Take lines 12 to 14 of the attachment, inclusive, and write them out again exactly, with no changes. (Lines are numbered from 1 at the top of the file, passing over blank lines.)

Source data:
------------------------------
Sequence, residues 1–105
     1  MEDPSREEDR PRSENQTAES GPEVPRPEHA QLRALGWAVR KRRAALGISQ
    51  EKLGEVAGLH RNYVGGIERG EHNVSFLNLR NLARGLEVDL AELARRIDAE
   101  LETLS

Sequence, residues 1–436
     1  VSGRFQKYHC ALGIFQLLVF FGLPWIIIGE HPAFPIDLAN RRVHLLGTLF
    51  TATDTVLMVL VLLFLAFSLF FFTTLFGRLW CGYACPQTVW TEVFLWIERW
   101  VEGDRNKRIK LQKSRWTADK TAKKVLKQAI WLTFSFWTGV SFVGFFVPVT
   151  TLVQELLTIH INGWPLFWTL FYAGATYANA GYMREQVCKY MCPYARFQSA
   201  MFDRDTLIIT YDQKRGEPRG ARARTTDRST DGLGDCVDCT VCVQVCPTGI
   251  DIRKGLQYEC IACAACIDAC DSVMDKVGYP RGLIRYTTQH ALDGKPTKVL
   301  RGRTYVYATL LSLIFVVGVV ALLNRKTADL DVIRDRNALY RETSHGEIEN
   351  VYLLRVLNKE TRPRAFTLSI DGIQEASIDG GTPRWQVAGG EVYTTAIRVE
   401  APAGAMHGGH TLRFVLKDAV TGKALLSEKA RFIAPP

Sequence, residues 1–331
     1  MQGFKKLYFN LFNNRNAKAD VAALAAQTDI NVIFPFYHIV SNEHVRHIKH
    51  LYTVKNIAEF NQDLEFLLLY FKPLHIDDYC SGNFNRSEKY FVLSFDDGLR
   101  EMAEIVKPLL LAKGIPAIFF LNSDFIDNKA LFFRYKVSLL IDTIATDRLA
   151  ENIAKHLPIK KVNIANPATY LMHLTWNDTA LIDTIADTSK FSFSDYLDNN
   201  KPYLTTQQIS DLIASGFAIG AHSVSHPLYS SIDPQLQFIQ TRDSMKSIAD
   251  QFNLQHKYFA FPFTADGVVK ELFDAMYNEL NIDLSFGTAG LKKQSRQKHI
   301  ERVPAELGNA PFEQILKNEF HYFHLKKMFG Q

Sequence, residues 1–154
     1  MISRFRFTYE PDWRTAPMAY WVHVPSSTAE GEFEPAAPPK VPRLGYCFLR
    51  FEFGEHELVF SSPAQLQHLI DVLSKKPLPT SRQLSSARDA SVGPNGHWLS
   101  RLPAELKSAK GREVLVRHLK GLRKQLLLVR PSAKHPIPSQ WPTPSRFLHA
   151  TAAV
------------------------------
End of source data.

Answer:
   301  RGRTYVYATL LSLIFVVGVV ALLNRKTADL DVIRDRNALY RETSHGEIEN
   351  VYLLRVLNKE TRPRAFTLSI DGIQEASIDG GTPRWQVAGG EVYTTAIRVE
   401  APAGAMHGGH TLRFVLKDAV TGKALLSEKA RFIAPP